The Department of Conservation has been warned that proposals to dig a tunnel or construct a monorail between Queenstown and Milford Sound could threaten the prized World Heritage status of the region.
Both multi-million dollar tourism projects cut through Te Wahipounamu, which was added to a prestigious list of World Heritage sites in 1990.
Conservation Minister Nick Smith is expected to decide this year whether the projects will be allowed to go ahead.
But a local group is lobbying Parliament to refuse access to the companies because it believed the application process was shonky and the developments would irreparably damage a region which includes the famous Routeburn track.
The Stop the Tunnel group, made up of residents from Glenorchy, found that the Department of Conservation (DOC) had not informed the United Nations Educational, Scientific and Cultural Organisation (Unesco) about the proposed Dart Tunnel and monorail - it was the lobby group which alerted Unesco to the developments.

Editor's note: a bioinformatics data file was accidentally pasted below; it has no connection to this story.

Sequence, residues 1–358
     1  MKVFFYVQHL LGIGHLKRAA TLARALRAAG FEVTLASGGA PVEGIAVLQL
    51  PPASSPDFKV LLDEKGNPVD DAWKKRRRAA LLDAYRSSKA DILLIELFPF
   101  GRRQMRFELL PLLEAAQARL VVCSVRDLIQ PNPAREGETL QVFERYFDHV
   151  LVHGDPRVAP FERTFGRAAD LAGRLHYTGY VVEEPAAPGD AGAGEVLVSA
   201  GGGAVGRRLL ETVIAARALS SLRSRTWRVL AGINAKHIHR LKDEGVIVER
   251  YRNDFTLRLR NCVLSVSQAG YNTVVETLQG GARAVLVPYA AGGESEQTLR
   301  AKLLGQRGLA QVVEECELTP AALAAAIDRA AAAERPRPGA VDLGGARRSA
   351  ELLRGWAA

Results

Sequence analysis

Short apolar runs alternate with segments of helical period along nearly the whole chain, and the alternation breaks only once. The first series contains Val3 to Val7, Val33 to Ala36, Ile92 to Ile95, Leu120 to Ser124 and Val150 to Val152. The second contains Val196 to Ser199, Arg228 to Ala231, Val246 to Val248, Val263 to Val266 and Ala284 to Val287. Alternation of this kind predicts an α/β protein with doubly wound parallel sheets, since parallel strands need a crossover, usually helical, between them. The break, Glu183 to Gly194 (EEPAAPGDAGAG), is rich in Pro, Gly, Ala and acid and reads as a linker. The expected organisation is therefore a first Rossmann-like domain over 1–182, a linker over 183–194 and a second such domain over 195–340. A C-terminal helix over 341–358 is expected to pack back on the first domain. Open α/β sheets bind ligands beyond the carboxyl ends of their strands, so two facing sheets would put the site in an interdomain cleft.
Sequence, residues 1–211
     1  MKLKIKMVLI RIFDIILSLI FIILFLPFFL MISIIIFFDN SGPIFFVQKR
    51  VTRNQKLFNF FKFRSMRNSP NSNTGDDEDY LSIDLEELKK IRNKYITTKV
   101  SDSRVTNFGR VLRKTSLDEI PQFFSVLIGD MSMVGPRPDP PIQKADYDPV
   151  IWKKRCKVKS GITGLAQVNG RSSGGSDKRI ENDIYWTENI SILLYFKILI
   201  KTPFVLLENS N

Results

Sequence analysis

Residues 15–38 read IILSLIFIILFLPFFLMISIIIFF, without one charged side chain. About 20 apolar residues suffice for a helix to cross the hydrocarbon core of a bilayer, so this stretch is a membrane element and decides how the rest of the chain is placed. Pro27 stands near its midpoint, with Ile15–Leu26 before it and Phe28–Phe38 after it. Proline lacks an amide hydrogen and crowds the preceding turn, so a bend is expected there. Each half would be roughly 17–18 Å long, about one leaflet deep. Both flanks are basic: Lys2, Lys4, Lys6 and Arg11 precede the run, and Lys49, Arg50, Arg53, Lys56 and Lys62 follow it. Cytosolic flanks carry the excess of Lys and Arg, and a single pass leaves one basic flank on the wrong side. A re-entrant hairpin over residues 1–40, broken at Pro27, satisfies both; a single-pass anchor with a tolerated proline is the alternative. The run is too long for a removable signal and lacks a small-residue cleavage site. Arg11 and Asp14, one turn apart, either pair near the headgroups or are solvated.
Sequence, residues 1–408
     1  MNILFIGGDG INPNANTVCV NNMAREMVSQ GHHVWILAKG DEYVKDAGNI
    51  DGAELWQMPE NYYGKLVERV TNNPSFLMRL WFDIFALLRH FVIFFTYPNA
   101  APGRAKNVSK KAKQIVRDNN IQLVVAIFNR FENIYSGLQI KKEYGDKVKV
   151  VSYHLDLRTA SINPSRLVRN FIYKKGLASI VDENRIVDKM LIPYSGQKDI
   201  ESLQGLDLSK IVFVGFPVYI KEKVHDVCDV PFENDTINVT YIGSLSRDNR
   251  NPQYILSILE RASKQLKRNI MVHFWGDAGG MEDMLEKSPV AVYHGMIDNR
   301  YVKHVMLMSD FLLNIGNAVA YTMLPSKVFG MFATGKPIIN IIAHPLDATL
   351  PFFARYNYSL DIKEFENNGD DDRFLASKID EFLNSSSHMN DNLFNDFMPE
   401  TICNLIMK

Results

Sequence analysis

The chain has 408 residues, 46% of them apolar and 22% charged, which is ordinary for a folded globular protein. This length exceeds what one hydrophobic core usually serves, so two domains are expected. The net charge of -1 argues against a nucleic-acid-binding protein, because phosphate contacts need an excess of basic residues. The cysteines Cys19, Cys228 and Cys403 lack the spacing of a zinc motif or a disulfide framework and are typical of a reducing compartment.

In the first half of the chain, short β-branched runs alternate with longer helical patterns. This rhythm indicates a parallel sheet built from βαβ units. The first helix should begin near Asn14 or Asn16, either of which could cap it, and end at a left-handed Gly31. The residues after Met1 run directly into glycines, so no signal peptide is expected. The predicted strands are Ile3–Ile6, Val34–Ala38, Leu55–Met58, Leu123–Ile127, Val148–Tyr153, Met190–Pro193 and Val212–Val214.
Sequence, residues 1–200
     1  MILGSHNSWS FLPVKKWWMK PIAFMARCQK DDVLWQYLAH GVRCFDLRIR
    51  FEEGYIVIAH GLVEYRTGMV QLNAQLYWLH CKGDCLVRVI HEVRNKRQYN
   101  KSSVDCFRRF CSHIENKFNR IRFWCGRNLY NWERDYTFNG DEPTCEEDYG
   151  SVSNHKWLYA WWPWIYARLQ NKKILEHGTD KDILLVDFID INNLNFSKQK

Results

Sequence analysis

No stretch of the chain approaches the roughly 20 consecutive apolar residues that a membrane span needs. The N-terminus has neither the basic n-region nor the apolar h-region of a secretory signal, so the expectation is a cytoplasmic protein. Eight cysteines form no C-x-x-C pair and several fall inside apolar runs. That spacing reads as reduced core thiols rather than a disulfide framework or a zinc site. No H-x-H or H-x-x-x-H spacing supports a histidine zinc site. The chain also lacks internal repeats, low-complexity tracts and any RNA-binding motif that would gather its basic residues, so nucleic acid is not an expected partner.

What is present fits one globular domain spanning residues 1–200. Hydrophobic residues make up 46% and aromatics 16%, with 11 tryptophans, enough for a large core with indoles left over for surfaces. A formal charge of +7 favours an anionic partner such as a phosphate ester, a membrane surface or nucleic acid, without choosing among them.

Unesco approved the Te Wahipounamu region as a World Heritage site.
Dr Smith said yesterday that the chances of the region being stripped of its special status was "zip".
"Those that claim that a tunnel or any other visitor facilities of that sort would remove World Heritage status, in my view, are mistaken," he said.
But in a letter to DOC, Unesco said that the two developments were "likely to be considered incompatible" with the site's World Heritage status.
It said that the region's Outstanding Universal Value was dependent on human interference being peripheral.
Unesco officials said that the monorail track would run through areas of special grassland and areas which contained endangered kaka and yellowhead - two factors which were influential to the World Heritage award.
The organisation said that DOC had not provided environmental impact assessments of the tunnel and the monorail on the specific regions which earned Te Wahipounamu its special status.
"We recommend that until such as process ... is considered these projects should not be authorised to proceed further."
Stop the Tunnel member Trish Fraser also alleged that DOC had agreed to consider the tunnel application based on studies which were mostly based on information provided by the applicants Milford Dart Limited.